China is leading the way, with a massive push by the government to clean up air quality and improve the environment, which is driving the development of large-scale manufacturing of renewable energy in the form of solar photovoltaic panels, electric vehicles and lithium-ion battery cells.

The change is coming and it is coming fast

All major auto manufacturers and several technology companies are pushing into electric vehicles. Autonomous electric vehicles, led by tech companies like Google and their self-driving technology development company WAYMO, are already on the road, having driven more than four million miles in the US 4. Autonomous vehicles could amplify the impact of electric vehicles.

Major auto manufacturers are making big plans for electric vehicles, and are scaling up production rapidly:

  • Volvo has announced all new models will have an electric option starting next year
  • By 2021, Hyundai plans to have 31 electric vehicle or fuel cell vehicle models on the road, and Jaguar Land Rover plans to have all models with an electric option
  • By 2025, Bloomberg New Energy Finance expects electric vehicles and ICE vehicles to be at capital cost parity
  • By 2025, BMW is expected to have 25 electric vehicles in their line-up, Toyota will be providing a hybrid or battery option for all models, and VW will have 50 electric vehicles available
  • Looking over the horizon, Volkswagen is expected to have all 300 models with an electric option5

While conventional automobile players are making big plans, many emerging companies, particularly those from China, are moving ahead fast and leading the electrification push:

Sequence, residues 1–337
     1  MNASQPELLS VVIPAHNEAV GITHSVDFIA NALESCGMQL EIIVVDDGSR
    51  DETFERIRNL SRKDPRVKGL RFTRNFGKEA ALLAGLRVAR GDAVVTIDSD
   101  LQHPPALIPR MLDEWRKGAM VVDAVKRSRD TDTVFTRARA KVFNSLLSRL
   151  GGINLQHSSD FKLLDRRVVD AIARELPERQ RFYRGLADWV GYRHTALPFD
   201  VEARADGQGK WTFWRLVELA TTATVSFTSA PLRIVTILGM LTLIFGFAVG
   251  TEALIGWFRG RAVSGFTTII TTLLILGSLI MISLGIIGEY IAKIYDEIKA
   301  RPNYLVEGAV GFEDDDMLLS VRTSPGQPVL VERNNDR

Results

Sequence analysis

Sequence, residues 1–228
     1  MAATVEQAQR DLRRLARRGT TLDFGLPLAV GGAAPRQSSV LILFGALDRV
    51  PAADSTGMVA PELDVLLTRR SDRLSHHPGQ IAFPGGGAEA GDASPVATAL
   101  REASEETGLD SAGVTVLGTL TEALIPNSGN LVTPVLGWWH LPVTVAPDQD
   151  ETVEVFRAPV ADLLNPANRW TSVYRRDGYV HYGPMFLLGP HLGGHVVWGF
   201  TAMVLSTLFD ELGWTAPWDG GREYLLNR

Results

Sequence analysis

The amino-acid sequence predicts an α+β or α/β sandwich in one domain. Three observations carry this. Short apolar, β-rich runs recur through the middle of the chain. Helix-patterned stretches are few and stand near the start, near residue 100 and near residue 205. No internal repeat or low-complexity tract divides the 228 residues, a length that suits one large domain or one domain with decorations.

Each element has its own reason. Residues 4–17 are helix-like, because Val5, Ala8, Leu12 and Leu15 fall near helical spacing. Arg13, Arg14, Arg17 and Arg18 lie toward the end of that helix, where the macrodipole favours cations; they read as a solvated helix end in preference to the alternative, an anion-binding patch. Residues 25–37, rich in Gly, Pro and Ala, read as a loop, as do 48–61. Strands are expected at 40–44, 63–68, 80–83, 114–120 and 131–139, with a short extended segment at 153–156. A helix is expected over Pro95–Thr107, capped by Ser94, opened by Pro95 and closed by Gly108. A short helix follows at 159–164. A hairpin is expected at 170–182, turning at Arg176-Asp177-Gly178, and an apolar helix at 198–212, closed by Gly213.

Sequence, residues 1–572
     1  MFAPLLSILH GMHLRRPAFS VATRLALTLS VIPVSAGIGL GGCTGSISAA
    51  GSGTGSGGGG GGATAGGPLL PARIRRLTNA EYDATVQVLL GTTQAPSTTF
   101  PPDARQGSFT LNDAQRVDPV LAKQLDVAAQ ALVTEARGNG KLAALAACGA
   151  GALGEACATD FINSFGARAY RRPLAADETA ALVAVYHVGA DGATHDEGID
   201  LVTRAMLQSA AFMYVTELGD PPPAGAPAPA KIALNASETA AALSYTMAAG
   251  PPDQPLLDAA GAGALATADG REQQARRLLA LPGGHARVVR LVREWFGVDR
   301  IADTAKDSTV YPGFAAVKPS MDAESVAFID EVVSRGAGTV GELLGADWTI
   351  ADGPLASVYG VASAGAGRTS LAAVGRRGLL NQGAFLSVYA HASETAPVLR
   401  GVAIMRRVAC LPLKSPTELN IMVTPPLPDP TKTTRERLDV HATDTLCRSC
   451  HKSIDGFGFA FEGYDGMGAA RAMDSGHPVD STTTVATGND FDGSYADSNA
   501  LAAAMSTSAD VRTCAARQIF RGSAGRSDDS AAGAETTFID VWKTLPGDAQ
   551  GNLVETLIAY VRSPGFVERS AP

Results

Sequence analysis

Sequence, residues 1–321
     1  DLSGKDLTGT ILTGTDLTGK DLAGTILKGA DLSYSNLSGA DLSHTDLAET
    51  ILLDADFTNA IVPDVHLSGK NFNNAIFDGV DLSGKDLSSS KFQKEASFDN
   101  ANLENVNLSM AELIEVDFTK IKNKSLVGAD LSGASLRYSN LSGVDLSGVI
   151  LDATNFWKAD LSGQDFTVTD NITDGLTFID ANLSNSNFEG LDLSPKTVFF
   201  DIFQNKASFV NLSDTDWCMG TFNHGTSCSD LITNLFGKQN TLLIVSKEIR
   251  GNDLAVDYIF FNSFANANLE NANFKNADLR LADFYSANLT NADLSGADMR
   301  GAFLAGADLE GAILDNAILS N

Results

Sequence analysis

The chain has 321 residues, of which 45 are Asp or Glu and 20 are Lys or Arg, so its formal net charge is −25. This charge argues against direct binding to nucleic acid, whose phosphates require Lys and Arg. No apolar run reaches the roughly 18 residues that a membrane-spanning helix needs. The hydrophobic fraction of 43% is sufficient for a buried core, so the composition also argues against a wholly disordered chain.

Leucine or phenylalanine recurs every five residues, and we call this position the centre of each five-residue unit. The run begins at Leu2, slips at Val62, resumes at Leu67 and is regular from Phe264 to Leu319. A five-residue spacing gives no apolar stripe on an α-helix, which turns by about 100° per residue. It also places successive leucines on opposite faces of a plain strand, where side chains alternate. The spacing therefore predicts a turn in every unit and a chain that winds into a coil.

• BYD, already one of the largest battery suppliers in the world, will have a four-fold increase in battery production capacity by 2020
  • BAIC, currently the world’s second largest electric vehicle maker, aims to be 100 per cent electric by 2025
  • Tesla is challenging the trucking industry, previously thought of to be out of scope for electrification, with its Tesla Semi on tour across the US6

Oil and gas companies are not well prepared for the EV disruption

To understand the perspectives of oil and gas executives on the topic of electric vehicles, in January to April 2018, Deloitte conducted a survey of 100 industry executives on the impact of electric vehicles on their business.

We compared the responses of oil and gas executives to executives from other companies, and found nearly 70 per cent of oil and gas executives expect electric vehicles to disrupt their business, but they:

  • Are less inclined to view EVs as an opportunity